Posted 10 years ago
Two weeks ago I came back home along a regular route of op shops. I saw a familiar shape on the shelf and asked to "have a look at the little vase on the middle shelf, please?" It was a familiar, very familiar shape. I didn't need to find the signature. I knew what it was as soon as it was in my hands. I said that I would buy it and went searching in vain for another of them. You never know!!
I hopped on the bus and got the vase out to check for the signature. Very indistinct, but it was there. I need a loupe to find it. The grind on the pontil was the same too: rough, quite distinctive.
I had a pair of Nick Mount vases now, surely?
A harlequin pair!
When I got home it all fell into place.
I have been trying to find early pieces of Australian studio glass.
I especially like the form of this vase which is not huge at all.
It stands only 13 cm ( 5.1 ins ) tall and is 9.5 cm ( 3.75 ins )across at the widest point. When it comes to the artist who made it size can be very large. Some of his perfume bottles, amazing surreal objects can be constructs ten times larger!
I think this is his version of 'Schaumglas'.
Nick Mount (b.1952) was among the first to become involved in studio glass blowing in Australia the mid-1970s. Quite by chance as a student in 1974 he was chosen to assist Richard Marquis on a tour of Australia in Victoria & Tasmania demonstrating blown glass sponsored by the Crafts Board of Australia and Crown Corning. I think this was called "Blow Glass Down Under". He later studied in the USA and in Europe and set up his own studio in 1978 in Victoria called Budgeree Glass. In 1984 he moved to South Australia where he and his wife were making hand-blown production glass, working with both employees and trainees. In 1985 he returned to the USA as Teaching Assistant at the Pilchuck School with Richard Marquis and Therman Statom, Washington State, USA.
This vase was produced in 1986.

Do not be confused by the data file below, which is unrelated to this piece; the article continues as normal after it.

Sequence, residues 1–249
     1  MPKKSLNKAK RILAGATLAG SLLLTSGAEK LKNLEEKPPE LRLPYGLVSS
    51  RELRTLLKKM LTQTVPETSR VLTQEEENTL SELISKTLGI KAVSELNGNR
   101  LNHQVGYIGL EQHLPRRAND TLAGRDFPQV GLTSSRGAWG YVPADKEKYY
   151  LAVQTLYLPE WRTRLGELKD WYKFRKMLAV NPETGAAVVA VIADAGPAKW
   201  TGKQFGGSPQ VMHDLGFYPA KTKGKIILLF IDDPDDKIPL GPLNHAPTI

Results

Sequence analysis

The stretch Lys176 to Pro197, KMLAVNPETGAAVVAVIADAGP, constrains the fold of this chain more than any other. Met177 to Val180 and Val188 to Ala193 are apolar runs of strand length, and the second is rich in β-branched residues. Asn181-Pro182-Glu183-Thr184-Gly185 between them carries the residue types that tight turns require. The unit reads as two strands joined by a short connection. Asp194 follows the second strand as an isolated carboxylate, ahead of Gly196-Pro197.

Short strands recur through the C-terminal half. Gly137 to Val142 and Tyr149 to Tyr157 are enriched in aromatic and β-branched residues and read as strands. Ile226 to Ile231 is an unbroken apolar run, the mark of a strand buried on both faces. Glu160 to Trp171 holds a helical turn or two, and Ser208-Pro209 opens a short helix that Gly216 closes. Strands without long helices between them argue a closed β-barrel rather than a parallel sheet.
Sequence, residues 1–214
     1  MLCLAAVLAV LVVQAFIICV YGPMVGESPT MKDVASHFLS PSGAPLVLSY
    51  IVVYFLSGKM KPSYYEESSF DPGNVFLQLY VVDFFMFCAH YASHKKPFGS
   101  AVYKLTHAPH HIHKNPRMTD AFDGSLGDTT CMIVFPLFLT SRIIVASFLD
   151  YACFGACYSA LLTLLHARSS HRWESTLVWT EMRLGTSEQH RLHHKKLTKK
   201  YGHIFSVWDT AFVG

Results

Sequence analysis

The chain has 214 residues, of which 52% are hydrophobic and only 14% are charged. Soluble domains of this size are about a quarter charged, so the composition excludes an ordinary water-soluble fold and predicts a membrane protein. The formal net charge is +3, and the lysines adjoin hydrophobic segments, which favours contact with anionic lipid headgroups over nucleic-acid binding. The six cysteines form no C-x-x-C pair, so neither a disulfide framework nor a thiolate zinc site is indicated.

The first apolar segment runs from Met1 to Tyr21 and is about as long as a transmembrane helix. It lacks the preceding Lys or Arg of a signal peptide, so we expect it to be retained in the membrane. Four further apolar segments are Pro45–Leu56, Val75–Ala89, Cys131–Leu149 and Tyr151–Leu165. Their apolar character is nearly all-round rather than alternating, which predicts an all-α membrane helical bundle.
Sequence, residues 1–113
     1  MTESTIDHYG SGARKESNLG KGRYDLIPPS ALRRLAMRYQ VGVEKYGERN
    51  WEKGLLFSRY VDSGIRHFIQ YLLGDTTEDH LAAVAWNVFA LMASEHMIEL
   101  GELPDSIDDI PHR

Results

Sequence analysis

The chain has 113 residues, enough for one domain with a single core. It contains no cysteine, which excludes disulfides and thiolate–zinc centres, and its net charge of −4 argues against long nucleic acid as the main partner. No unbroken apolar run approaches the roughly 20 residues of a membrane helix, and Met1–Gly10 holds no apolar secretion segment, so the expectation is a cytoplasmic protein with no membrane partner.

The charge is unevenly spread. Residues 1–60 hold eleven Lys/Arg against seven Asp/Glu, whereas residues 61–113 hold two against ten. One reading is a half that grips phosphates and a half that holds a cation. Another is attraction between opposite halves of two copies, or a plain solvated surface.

"By the late 1980s Mount saw himself mainly as a manufacturer and wholesaler of production glass, and relocated his expanded to workshop to Port Adelaide. In all these studios he offered traineeships to others. When the financial backer for this business failed in 1991, Mount ran the glass workshop at the JamFactory Craft and Design centre from 1994-1997, while also establishing a studio from home. He left the JamFactory to concentrate fully on making commissions and exhibition pieces, blowing the components in the JamFactory's facilities and designing and assembling the pieces at home. During this time, Nick Mount taught in workshops and summer schools in Australia and overseas, worked with other 'masters' in this field like Paul Marioni and Lino Tagliopietra, advised on workshop development, and was president of the national glass association Ausglass, in 1987/88. He has exhibited in a number of prestigious exhibitions in Australia and overseas and was awarded the Bavarian State prize in 1996. In 1999 he received a two-year Australia Council Visual Arts/Craft Board Fellowship grant, and was able to spend considerable time working with Marquis and others in the United States; teaching at the studio at the Corning Museum of Glass, Red Deer in Alberta, the Pilchuck Glass School, Seattle, and Kanazu, Japan; developing new work in Australia and preparing for a solo exhibition at Quadrivium gallery, Sydney and his first solo exhibition in the United States, in Seattle, in 2002."
In 2012 Craft Australia named Nick Mount a National Living Treasure!